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About the Photos

Our holdings include hundreds of glass and film negatives/transparencies that we've scanned ourselves; in addition, many other photos on this site were extracted from reference images (high-resolution tiffs) in the Library of Congress research archive. (To query the database click here.) They are adjusted, restored and reworked by your webmaster in accordance with his aesthetic sensibilities before being downsized and turned into the jpegs you see here. All of these images (including "derivative works") are protected by copyright laws of the United States and other jurisdictions and may not be sold, reproduced or otherwise used for commercial purposes without permission.

© 2019 SHORPY INC.

[REV 25-NOV-2014]

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Battle Wagon: 1921

Battle Wagon: 1921

San Francisco circa 1921. "Sheridan touring car at Palace of Fine Arts." A product of the Sheridan Motor Car Co. of Muncie, Indiana, one of the more obscure entries in the Shorpy Catalog of Discontinued Conveyances. And evidently the buggy of choice for Civil War reenactors. Glass negative by Chris Helin. View full size.

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With Six You Get Bedroll

I've lived in Cincinnati many decades, but the Sayers Six is a new one on me. Avondale was one of Cincinnati's plushest neighborhoods in the Twenties, so that was likely the source of the car's model name.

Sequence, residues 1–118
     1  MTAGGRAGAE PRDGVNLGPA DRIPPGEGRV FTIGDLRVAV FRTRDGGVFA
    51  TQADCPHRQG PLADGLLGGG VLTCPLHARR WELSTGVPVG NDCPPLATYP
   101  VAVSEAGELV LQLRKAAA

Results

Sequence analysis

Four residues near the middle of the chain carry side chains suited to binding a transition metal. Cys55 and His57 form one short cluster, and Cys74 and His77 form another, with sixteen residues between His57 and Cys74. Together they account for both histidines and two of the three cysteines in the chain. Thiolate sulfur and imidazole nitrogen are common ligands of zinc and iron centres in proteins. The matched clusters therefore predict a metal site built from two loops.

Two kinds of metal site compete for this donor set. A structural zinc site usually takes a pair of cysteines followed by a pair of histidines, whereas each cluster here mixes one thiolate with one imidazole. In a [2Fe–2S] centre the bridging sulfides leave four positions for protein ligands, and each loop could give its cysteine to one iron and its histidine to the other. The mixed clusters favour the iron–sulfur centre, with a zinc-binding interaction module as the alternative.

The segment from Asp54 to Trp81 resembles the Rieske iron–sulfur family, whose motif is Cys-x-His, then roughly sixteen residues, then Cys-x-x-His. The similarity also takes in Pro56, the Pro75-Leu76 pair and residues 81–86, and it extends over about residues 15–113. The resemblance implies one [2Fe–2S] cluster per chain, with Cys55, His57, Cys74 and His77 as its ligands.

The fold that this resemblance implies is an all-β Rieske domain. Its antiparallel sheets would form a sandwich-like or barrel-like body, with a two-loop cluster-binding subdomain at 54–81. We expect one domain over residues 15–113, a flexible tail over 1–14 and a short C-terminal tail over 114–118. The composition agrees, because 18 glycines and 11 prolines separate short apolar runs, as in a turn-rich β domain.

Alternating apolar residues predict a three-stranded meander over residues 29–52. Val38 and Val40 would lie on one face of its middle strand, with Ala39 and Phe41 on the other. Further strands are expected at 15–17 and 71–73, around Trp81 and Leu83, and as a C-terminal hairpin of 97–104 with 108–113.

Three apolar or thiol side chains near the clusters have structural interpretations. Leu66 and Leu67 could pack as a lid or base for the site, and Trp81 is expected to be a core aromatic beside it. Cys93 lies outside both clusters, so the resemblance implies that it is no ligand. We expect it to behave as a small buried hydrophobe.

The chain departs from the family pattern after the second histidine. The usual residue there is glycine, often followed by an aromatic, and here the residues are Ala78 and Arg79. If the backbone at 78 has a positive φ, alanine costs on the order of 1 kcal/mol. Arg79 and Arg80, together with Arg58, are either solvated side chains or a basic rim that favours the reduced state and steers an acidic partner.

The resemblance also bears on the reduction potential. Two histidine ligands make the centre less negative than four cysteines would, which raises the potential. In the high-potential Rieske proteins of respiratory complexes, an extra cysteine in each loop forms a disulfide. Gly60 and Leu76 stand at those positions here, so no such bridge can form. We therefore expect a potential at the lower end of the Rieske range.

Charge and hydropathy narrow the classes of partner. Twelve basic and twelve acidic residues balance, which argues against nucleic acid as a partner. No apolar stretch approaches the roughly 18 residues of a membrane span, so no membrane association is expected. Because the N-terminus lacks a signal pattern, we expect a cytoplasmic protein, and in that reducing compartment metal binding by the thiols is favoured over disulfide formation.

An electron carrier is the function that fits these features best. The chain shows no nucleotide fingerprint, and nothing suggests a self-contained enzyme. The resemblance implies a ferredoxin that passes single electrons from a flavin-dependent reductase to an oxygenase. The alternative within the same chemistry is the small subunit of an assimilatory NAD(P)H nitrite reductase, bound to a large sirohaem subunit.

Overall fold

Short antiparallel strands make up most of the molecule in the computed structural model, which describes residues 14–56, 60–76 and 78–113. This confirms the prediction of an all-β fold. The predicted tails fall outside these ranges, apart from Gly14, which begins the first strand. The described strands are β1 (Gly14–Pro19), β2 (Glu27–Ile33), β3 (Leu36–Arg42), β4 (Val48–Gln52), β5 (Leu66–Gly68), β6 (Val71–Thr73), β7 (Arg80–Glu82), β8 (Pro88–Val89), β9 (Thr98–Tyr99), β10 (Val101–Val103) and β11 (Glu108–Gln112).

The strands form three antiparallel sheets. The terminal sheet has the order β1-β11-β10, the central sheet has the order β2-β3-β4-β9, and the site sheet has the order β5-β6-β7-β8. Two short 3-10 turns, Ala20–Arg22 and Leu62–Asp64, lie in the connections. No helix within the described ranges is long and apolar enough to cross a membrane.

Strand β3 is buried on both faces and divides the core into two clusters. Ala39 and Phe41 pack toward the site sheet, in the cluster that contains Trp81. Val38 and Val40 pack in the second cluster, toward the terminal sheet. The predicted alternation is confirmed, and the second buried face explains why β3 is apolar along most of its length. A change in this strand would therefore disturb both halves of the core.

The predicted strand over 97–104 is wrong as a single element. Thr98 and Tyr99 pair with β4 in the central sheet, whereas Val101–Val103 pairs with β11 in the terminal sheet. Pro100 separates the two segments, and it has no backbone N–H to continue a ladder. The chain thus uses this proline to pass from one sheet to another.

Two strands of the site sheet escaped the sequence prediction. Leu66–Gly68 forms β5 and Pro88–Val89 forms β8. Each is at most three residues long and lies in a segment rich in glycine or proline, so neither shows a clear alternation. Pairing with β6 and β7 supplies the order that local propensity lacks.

The real thing

I expect that the standup passenger is not re-enacting anything, but is a veteran of the conflict. The last veteran died about 35 years after the date of this picture, so having a live veteran was not unusual at the time.

[The fiftyish fellow with the spirit-gummed mustache isn't old enough. Below, actual Civil War veterans at Gettysburg in 1913. - Dave]

Not Dead Yet

Sayers and Scovill still exist as S&S Coach Company, outfitters of hearses and funeral limousines. They started building horse-drawn buggies, commercial wagons and funeral vehicles in 1876. They built the first motorized ambulance in 1906, and their first hearse automobile in 1912. Their only passenger car seems to be the Sayers Six in the picture, built from 1914 through 1924, with annual output rarely more than 200 per year. After that, they specialized in funeral vehicles. Although the company was sold several times, the brand remains active today.

Nothing Up His Sleeve

It appears the Veteran Has an empty right sleeve.

[Except for the white thing coming out the end, which is his arm. - Dave]

SHORPY OLD PHOTO ARCHIVE | History in HD is a vintage photo archive featuring thousands of high-definition images from the 1850s to 1960s. (Available as fine-art prints from the Shorpy Archive.) The site is named after Shorpy Higginbotham, a teenage coal miner who lived 100 years ago.

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